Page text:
Lingle previously ran for the State's highest office in 1998, only to lose to Governor Ben Cayetano by less than 1% of the vote. She remained active in State politics as leader of the State's Republican Party. The election of 2002 was not as close as 1998. Lingle defeated Democratic candidate by 17,362 votes or over 4% of all votes cast.
As stated in her official biography, "Linda Lingle was born in St. Louis, Missouri, in 1953. When she was 12, her family moved to Southern California, where she graduated from Birmingham High, a public school in Van Nuys. In 1975, she graduated from California State University at Northridge, where she was editor of the Journalism Department Newspaper and the Alumni Newsletter. She moved to Hawaii after graduation, following her father who had come a couple years earlier to open Cutter Ford in 'Aiea."
Following her arrival in Hawaii, Lingle worked as the public information officer for the Hawaii Teamsters and Hotel Workers Union in Honolulu, and then moved to Moloka'i where she founded the Moloka'i Free Press, a community newspaper serving the 6,000 residents of the island.
In 1980, Lingle was elected to the Maui County Council where she served for ten years, six years as a representative of Molokai and then four as an at-large member. In 1990, Lingle made history with her election as Mayor of Maui County. She was the youngest person elected Mayor of Maui County, the first woman and the only non-Maui born person ever elected to that office.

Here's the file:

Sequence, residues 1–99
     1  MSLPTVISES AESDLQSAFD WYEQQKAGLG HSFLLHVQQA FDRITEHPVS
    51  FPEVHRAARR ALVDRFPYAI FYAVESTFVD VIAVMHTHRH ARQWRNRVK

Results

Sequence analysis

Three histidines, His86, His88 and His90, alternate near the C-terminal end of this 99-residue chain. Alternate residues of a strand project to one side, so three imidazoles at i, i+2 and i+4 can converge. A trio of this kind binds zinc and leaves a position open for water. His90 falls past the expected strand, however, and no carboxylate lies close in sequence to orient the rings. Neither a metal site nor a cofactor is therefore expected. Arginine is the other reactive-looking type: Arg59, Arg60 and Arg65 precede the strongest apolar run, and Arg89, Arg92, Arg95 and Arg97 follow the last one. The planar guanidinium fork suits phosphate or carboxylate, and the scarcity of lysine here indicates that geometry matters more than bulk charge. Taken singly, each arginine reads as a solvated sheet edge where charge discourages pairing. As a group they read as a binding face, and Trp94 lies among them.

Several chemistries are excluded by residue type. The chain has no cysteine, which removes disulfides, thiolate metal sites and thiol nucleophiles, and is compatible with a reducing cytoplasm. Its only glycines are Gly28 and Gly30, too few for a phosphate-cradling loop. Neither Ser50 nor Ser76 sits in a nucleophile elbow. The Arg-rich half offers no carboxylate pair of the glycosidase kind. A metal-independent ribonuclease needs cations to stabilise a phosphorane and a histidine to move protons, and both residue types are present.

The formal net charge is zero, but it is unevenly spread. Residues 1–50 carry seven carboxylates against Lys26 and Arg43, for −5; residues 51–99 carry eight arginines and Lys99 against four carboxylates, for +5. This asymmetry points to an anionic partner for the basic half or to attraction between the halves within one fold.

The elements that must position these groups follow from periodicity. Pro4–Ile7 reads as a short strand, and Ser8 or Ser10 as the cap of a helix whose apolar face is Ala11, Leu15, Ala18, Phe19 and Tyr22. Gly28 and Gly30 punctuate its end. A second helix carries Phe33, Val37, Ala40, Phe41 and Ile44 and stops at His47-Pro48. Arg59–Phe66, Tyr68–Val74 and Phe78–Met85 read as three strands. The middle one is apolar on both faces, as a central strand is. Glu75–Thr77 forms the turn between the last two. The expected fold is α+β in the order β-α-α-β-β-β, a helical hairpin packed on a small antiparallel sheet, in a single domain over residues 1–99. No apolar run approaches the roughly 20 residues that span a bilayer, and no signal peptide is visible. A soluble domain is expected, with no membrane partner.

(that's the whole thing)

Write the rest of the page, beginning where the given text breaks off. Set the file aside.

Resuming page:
During her two terms as Mayor of Maui County, Lingle demonstrated her recognition of the importance of continued growth of the tourist industry for the future health of Hawaii. As stated in her biography, "Throughout her term, job growth was faster on Maui than anywhere else in the state. Because of her innovative and collaborative approach in developing tourism, Maui was voted 'Best Island in the World' in the annual Condé Nast Traveller Readers’ Choice Awards Poll for five consecutive years."
Lingle's election as governor of Hawaii comes at a time when her experience in developing tourism and new jobs on Maui is desperately needed on a statewide basis. Hawaii continues to suffer serious economic woes in the wake of September 11, 2002. Her challenge will not, however, be easy, as the Republican Party lost four seats in the 51-member state House lowering their total to only 15 seats. The GOP did, however, gain two seats in the state Senate, bringing their total to five in the 25-member Senate.
In order for Lingle to succeed, she will need the cooperation of many of the still-powerful elected members of the Hawaii Democratic Party. The Democrats continue their firm lock on the state legislature which must approve not only Lingle's appointments, but also her legislative agenda. For the first time in 40 years, the Democrats will need to learn to work with a governor of the opposition party.
Only time will tell whether the new governor and legislature can find a way to work with each other, rather than against each other, for the benefit of the entire State of Hawaii.
Photo courtesy of lindalingle2002.com.